Hornstull Marknad offers a mix of street food, food trucks, vintage, handmade items, … Without a doubt the hippest variant of a loppis.
Where? Hornstulls Strand on Södermalm
When? Every Saturday and Sunday from 11 am to 5 pm, from during the first weekend of April to the last weekend of September (except for the midsummer weekend). There is also a winter version: Hornstulls Julmarknad.
A typical flea market where the objects are spread out on and around tables. Next to the locals who sell their own stuff, I also noticed a lot of stalls from semi-professionals who make a real trade out of it.
Where? As the title suggests, this loppis takes place at Karlaplan, the large round square on Östermalm on Karlavägen. The stalls are arranged in a circle around the square.
When? You can visit the loppis in Karlaplan on Saturdays from April 27 to June 15 and from August 3 to October 5. The stalls are set up from 11 am to 3 pm.
Where? Kungsholmstorg is a broad green avenue on Kungsholmen. The ‘square’ runs from Norr Mälarstrand all the way to Handverkgatan.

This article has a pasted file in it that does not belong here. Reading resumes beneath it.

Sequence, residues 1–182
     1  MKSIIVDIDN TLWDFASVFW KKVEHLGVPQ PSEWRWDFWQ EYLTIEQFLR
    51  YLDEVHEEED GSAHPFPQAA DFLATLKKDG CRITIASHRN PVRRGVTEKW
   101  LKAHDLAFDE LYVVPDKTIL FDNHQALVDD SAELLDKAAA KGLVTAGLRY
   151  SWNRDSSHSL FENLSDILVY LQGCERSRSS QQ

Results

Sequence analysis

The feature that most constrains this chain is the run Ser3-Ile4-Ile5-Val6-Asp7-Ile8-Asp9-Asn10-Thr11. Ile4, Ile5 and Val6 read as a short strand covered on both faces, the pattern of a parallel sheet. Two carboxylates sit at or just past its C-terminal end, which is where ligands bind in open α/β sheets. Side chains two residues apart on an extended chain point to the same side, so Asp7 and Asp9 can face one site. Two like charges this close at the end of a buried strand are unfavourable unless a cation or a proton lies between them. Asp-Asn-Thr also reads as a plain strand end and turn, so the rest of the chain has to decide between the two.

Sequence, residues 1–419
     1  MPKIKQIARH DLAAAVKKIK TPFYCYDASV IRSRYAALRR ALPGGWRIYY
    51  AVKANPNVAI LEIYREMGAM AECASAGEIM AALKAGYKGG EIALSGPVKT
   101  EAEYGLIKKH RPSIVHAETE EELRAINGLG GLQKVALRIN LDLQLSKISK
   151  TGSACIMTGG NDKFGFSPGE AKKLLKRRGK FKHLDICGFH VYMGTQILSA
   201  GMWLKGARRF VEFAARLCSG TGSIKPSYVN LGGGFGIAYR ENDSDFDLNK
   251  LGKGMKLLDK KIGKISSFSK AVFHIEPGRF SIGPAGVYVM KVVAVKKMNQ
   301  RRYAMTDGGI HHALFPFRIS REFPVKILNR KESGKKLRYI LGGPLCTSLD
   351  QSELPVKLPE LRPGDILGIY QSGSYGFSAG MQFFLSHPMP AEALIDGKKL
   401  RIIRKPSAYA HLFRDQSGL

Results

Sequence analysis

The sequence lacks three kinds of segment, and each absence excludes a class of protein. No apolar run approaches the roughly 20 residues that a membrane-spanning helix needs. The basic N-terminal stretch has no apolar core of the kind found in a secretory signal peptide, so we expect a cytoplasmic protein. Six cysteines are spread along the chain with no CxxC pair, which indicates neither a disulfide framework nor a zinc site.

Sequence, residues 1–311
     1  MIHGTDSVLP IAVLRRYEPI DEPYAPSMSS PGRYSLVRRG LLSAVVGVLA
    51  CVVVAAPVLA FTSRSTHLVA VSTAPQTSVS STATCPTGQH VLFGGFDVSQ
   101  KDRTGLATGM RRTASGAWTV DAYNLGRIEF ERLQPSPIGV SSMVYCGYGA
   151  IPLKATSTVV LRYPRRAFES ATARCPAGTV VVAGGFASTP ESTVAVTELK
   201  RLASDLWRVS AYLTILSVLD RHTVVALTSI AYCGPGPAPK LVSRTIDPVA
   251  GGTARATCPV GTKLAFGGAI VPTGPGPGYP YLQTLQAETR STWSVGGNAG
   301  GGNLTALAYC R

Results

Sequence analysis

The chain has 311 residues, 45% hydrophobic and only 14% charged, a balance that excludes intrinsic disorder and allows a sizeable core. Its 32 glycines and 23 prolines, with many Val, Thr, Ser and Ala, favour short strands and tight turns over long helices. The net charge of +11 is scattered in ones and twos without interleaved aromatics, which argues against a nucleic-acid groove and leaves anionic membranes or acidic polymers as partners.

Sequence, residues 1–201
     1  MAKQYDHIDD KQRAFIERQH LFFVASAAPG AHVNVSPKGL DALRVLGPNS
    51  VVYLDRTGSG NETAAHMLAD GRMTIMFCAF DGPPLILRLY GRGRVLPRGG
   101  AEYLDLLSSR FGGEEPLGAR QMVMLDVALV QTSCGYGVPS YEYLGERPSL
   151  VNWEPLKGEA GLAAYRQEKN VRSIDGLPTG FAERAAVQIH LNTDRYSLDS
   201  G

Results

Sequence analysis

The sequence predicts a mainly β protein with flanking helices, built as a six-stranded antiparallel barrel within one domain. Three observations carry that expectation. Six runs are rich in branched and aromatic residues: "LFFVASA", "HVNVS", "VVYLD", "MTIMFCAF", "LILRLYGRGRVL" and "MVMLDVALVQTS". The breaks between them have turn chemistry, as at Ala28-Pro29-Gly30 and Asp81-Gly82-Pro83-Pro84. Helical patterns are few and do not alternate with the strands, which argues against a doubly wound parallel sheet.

When? Every Sunday between 19 May and 9 June and between 1 and 22 September. The loppis runs from 11 am to 3 pm.
Loppisar or flea markets just outside of Stockholm
In 2016, this flea market conquered the world record when you could choose from no fewer than 1024 trunk boxes to find unique finds and make bargains.
Where? Bromma is located around 8 km from the center of Stockholm. The address is Travbaneplan 20, Bromma.
Backluckeloppis, what a wonderful word for a drive-in flea market.
Where? Huddinge is just south of Stockholm. The address for this loppis is Lissma Skolväg 6, Huddinge.
When? This flea market takes place every Sunday between the first weekend of April and the last weekend of October from 8 am to 4 pm.
Bakluckeloppis i Hågelby
This bakluckeloppis is the largest in the south of Stockholm. It can therefore be quite busy but it is a cozy loppis where there are extra activities for children.
Where? Tumba is located between Södertälje and Stockholm. The drive-in-loppis is to be found in Hågelby gård.
When? Every Saturday from 11 May to 12 October (except for midsummer) from 11 am to 3 pm and every Wednesday between 19 June and 14 August from 5 pm to 8 pm.
Pin for later: loppis in Stockholm